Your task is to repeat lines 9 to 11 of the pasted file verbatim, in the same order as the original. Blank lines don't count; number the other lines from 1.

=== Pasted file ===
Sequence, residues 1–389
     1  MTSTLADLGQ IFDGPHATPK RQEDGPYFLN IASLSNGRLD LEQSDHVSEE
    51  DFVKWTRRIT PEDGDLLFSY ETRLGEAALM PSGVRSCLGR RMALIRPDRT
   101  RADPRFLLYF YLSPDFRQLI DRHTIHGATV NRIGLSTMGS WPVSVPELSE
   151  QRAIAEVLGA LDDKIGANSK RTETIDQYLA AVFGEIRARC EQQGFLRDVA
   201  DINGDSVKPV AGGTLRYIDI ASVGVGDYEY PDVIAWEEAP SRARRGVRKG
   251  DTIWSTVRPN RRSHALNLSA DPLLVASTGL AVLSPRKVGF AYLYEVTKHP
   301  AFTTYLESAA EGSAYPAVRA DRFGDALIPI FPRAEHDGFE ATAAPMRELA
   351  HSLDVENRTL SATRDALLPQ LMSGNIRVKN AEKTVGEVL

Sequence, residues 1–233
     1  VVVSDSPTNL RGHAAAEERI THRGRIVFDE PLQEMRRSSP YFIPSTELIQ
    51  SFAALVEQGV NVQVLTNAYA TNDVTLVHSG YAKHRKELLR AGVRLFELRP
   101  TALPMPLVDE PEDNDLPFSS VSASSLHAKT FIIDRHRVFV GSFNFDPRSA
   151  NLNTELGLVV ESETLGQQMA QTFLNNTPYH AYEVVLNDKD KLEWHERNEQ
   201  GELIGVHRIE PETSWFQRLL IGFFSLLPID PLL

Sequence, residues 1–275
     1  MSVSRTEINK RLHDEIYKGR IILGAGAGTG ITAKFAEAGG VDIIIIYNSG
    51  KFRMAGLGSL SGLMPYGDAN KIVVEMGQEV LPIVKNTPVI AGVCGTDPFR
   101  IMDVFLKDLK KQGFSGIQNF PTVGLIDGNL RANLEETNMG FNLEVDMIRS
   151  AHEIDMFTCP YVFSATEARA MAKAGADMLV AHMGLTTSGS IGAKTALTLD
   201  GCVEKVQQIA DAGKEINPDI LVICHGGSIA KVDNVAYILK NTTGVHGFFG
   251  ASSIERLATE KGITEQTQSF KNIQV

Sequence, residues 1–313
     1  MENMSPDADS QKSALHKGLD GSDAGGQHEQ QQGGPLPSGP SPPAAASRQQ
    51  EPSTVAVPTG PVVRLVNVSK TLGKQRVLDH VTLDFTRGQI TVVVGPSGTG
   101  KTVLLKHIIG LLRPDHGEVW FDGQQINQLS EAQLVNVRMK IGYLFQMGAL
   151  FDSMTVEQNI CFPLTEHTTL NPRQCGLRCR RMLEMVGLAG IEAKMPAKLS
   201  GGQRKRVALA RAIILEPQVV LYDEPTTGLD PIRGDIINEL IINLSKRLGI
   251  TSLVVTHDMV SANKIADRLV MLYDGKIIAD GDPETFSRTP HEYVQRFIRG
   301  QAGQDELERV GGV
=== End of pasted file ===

   351  HSLDVENRTL SATRDALLPQ LMSGNIRVKN AEKTVGEVL

Sequence, residues 1–233
     1  VVVSDSPTNL RGHAAAEERI THRGRIVFDE PLQEMRRSSP YFIPSTELIQ